Say, I so appreciate the truth of those words! On occasions when I am uncertain about my future, that verse reminds me that the Lord is the Master Planner, and he has the roadmap for my life all prepared. I simply need to be obedient and walk this journey close to Him.

Prayer: Lord, thank you for the promises we find in the Bible. And today, I want to thank you for this verse in Jeremiah. Thank you for allowing nothing to be by chance in the direction of my life! Thank you, that I can live with the knowledge that my future is in your hands! In Jesus’ Name I pray. Amen.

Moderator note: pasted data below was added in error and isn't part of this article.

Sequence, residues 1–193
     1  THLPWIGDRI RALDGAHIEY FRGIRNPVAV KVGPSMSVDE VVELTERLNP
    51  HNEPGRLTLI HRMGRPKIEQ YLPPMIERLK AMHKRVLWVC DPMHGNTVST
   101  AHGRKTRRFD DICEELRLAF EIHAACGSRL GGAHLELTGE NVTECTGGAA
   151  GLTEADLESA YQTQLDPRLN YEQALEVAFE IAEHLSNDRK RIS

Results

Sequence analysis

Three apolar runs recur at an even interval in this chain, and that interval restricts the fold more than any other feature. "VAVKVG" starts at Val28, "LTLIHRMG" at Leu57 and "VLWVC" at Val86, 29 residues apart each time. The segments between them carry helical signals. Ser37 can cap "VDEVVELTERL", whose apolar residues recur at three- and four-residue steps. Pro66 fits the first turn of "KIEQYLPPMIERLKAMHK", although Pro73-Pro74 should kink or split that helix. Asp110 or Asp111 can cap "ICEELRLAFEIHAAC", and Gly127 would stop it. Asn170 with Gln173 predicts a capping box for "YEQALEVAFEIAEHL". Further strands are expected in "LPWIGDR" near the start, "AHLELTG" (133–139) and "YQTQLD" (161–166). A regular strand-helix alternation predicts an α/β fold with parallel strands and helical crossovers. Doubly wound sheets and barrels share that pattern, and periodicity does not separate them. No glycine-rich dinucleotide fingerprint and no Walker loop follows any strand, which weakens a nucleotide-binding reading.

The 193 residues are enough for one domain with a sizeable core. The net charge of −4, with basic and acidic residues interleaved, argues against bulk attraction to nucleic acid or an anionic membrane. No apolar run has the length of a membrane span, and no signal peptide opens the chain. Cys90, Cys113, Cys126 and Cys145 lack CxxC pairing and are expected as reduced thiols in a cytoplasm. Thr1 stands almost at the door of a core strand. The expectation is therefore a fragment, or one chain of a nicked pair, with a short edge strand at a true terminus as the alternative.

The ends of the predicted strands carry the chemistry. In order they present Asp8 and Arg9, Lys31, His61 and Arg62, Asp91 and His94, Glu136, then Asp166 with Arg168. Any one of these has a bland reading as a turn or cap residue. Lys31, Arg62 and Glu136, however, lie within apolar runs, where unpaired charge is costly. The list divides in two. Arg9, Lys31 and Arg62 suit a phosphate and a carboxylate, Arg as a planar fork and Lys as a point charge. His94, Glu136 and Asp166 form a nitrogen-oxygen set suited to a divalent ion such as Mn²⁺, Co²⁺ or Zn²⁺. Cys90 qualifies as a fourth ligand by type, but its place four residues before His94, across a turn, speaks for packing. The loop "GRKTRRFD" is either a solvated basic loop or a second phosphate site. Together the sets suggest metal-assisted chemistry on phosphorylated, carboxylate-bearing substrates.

Pastor Bill

 

 

Scripture quotations are taken from the Holy Bible, New Living Translation, copyright 1996, 2004. Used by permission of Tyndale House Publishers, Inc., Wheaton, Illinois 60189. All rights reserved.

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Some people will never change. They don’t like it. They are like the 93-year-old man who, on his birthday, was asked about all the changes he must have seen during his life. “Yes,” he replied, “and I’ve been against them all!”

Don’t be like that man!

Pastor Bill